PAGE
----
December 10 2013 Latest news:
By Prof Ged Martin
Sunday, October 13, 2013
He might have only been a labourer – but John Petchy was ambitious. Unluckily, the young Romford man was caught in 1810 over handling stolen goods and sentenced to 14 years’ transportation.
It would be two years before he left England, one of 200 convicts crammed into the 549-ton convict ship Indefatigable in June 1812.
But the ship was clean and safe and only one man died on the 137-day voyage to the penal colonies of Australia.
In October 1812, Petchy reached Van Diemen’s Land. The prison island was a hellhole, where Aborigines were massacred and convicts flogged.
To avoid the evil reputation of “VD land”, apologists called it “Tasmania” after the Dutch explorer Abel Tasman and this became its official name in 1855.
Petchy spotted that “trusty” prisoners were needed to operate the system and, by 1816, he was a warder in Hobart’s prison! The government gave Petchy a land grant and convicts to clear the gum trees and he sold the firewood to the prison.
A female prisoner became his housekeeper and, soon, his wife.
Tanning was still an important industry in Romford and Hornchurch with skilled workers making saddles and leather breeches.
Petchy realised that wattle bark produced an extract that could be used in tanning.
In 1824, his sentence served, he sailed to England with a cargo of wattle extract, hoping to develop a new trade. Did he revisit Romford?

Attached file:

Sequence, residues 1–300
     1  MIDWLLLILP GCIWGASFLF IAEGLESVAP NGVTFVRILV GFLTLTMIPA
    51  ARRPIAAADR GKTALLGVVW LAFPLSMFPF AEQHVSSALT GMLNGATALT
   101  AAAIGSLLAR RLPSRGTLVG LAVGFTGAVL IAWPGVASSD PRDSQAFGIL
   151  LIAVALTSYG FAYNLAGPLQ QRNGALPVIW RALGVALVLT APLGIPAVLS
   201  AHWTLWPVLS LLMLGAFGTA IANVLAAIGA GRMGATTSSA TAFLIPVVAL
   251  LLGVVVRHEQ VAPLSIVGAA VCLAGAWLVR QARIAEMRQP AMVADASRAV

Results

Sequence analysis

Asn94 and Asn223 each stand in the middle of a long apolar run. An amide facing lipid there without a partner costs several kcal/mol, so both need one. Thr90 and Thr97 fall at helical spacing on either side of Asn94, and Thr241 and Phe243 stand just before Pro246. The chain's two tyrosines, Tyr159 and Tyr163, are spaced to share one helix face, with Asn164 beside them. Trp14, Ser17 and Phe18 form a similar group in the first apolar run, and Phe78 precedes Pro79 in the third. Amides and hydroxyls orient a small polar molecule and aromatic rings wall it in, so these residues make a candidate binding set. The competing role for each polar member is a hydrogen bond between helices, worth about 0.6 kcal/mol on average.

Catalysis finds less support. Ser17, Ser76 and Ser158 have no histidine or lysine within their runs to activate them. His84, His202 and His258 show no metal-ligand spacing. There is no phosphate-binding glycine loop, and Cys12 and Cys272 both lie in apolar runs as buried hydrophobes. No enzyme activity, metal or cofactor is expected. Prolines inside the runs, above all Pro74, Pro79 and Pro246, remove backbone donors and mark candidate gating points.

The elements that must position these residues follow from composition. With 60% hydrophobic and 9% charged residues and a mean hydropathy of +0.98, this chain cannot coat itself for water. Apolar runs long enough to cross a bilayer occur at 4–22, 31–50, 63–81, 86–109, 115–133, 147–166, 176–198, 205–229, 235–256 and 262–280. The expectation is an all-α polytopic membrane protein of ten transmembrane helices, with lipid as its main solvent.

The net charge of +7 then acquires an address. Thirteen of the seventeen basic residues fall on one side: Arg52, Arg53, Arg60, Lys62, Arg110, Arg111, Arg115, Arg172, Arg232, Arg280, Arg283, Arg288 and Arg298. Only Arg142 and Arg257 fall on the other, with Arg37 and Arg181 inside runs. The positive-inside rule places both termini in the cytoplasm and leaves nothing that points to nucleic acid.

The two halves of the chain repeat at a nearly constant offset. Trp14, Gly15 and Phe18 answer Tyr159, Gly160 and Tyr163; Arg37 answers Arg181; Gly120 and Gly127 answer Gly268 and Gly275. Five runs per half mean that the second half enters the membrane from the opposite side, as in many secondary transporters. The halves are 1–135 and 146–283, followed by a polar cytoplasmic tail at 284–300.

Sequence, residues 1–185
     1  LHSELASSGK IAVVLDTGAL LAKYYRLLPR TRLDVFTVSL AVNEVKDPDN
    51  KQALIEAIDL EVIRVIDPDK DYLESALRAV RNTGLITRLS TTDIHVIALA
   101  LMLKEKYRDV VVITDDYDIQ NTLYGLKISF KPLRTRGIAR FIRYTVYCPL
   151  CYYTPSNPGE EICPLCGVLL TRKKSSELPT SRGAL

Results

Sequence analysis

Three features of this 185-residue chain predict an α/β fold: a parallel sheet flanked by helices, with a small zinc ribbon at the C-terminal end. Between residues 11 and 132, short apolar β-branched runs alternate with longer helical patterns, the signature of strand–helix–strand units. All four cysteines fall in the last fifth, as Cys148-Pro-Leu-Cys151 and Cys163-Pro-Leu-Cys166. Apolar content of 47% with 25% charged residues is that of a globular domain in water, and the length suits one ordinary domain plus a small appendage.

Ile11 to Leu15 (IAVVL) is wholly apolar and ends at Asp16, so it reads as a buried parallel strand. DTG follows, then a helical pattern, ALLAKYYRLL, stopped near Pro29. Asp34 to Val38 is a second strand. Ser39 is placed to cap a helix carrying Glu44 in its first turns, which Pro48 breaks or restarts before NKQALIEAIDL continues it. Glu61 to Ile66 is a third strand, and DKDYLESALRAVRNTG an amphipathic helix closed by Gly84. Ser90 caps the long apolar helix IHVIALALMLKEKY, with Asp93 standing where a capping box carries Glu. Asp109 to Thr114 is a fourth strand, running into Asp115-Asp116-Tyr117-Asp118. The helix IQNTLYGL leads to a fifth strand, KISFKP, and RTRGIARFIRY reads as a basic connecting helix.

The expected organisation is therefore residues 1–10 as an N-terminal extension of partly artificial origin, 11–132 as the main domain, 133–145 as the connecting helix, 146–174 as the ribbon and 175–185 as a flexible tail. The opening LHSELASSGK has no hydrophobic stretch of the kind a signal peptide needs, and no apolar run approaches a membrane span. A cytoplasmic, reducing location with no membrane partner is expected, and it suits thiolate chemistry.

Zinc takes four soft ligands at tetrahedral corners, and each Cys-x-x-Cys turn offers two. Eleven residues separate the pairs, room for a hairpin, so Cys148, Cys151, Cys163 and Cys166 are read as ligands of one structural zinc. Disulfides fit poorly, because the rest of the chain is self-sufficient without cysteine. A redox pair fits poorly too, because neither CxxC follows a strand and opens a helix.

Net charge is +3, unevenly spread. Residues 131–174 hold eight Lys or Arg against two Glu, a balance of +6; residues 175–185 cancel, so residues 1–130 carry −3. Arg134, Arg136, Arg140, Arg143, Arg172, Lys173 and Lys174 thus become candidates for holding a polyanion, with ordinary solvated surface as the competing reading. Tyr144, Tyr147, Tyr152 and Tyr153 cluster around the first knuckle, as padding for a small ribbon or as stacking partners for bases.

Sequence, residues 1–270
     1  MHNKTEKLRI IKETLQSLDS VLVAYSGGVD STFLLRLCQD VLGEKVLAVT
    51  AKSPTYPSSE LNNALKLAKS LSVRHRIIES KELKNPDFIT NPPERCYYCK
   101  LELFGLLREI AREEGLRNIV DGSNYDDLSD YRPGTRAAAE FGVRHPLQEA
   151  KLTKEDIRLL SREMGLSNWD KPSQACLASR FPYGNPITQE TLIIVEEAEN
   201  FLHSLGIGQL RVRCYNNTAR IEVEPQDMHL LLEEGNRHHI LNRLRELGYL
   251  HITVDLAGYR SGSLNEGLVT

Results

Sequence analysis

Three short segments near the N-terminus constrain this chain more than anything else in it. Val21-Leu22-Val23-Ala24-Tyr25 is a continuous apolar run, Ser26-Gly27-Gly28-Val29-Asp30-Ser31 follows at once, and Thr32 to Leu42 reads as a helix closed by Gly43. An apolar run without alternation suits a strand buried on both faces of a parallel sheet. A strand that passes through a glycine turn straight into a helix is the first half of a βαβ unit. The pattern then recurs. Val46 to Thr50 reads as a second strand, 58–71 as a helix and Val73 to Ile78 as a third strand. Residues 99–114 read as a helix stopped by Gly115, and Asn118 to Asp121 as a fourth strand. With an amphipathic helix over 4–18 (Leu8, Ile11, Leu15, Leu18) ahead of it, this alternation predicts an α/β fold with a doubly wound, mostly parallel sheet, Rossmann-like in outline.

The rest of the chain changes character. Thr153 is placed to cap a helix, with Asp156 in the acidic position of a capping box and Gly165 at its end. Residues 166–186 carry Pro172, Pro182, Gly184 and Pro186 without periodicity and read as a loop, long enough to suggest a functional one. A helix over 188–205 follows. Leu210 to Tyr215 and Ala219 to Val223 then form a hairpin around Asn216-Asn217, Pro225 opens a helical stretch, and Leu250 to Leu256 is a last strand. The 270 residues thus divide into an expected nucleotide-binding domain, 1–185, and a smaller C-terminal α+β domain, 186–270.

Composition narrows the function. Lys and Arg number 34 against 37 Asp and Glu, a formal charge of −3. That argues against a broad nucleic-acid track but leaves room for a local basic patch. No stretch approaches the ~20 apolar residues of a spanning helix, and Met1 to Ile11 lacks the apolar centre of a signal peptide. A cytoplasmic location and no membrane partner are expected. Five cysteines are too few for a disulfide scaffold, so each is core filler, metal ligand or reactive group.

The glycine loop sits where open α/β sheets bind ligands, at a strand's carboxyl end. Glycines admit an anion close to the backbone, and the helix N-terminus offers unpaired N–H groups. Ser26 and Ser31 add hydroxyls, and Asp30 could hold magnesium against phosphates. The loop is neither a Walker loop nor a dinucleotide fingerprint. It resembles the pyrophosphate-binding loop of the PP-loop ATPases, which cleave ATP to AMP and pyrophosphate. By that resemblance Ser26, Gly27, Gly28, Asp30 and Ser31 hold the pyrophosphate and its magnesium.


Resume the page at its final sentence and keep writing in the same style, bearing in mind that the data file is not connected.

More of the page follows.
The Society of Arts gave him a medal but he lost money on the venture.
Back in Hobart, he decided that the answer was to reduce unit costs by sending a larger cargo in a bigger vessel.
That meant crossing to mainland Australia in 1826 to charter a ship in Sydney’s magnificent harbour.
The Sydney Gazette hailed Petchy as “a very respectable, old and opulent inhabitant of Tasmania.”
In early Australia, you were labelled by the ship you arrived on – it signalled whether you were a convict or a free settler.
Petchy, said the paper, “came as a passenger on the Albion”. The ex-con had reinvented himself.
He became a leading Hobart entrepreneur, investing in a brewery, a tavern, shops and whaling ships.
In 1839, Petchy built Australia’s largest ship. It was only 389 tons but it took him to Britain on business again.
The high point of a long and stormy return voyage in 1840 was a short visit to Rio de Janeiro. The Romford man was seeing the world.
Petchy’s shipping business survived the threat of bankruptcy in 1843.
Owning several harbour ferries, he moved to Kangaroo Point, across the Derwent estuary, and became a successful wheat farmer.
Today, Hobart’s test match ground is nearby.
In December 1850, Petchy competed in Hobart’s summer regatta. His racing yacht capsized.
Fifty years later, Taswegians still remembered the lifeless body of the “poor old gentleman” being dragged from the water.
The Australian Dictionary Of Biography calls Petchy “resourceful if not always scrupulous”.
A Romford education had given him a good business brain and Havering’s traditional tanning industry inspired one of his biggest business gambles.
An accomplice to a gang of cold-calling builders who took an 87-year-old Upminster man for £64,000 has been jailed for 18 months for money laundering.